Thanks Rhonda! I remember my dad saving a few kids from that pool. He has always cared about other people more than himself.

        I hope to see you soon!

  6. Yoshi says:

    You could be the Last Centurion and live a lot longer than a hundred years… :D

    http://tardis.wikia.com/wiki/Rory_Williams

  7. Misty says:

    Loved reading this. Great perspective on balance. For me…having a flex-time job that I am passionate about, a home that I have creatively rehab’d and decorated with things that I made, plenty of free time to enjoy my hobbies, spending quality time with my 2 children everyday, spending alone time with my husband (even a kidfree trip to the grocery store), daily exercise – even if it is just walking, learning something new everyday, amazing food on a regular basis. Travel, copious time spent with others and extraneous “stuff” don’t really add much to my life.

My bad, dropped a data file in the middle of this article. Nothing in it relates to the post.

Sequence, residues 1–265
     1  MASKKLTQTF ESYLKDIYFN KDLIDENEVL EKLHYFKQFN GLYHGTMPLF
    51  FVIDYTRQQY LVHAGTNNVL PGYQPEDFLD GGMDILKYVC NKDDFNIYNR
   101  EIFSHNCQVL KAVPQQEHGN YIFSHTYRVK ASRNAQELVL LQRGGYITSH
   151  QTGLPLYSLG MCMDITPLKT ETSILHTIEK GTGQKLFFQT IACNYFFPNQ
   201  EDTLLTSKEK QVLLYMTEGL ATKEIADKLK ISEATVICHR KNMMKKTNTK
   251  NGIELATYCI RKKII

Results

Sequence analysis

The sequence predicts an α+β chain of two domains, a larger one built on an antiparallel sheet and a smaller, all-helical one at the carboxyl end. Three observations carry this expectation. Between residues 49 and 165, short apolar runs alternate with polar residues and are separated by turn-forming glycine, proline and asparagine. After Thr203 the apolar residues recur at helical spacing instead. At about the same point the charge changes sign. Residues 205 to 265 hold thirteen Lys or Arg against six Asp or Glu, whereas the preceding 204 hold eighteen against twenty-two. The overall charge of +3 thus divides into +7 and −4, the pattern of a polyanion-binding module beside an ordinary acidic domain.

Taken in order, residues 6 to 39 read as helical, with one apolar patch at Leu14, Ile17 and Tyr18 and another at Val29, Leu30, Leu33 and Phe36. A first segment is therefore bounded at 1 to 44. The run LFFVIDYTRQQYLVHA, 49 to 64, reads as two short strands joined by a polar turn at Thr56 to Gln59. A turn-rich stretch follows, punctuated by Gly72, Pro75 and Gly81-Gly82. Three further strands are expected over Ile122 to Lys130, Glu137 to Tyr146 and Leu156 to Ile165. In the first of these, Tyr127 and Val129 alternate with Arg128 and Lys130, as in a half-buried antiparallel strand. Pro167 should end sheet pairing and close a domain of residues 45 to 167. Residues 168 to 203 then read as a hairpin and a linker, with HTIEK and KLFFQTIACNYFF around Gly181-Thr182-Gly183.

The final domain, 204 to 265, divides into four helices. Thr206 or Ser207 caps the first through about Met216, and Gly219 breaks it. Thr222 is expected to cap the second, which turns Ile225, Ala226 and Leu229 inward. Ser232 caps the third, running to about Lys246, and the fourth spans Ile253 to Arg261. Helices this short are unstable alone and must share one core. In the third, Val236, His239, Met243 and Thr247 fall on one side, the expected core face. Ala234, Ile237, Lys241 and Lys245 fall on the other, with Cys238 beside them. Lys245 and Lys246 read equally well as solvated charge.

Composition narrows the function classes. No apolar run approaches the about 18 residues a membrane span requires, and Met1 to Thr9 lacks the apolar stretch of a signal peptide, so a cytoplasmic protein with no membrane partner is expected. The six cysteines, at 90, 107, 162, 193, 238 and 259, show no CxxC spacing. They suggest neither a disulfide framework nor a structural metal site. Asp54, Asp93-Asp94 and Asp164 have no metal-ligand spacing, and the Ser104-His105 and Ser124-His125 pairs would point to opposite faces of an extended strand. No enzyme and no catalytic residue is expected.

8. Hilary says:

    Loved this post! I think an awesome life is just being happy.

    Hilary x thehealthycollective.com

  9. Beautiful post Darya. To me, an awesome life means finding a way to live with purpose, and to be able to say that something is better in the world because I was here. As a Mom myself, I am reminded that the life I live every day is rich with the most important messages I am broadcasting to my children. As you so clearly pointed out, kids are watching and learning from our actions, more than our words. If parents want to raise children who embrace a healthy lifestyle and beautiful, real food then the simplest way to do that is to lead by example and embrace it themselves. Sending you a hug and images of vibrant purple vegetables today!

  10. Ghhutch says: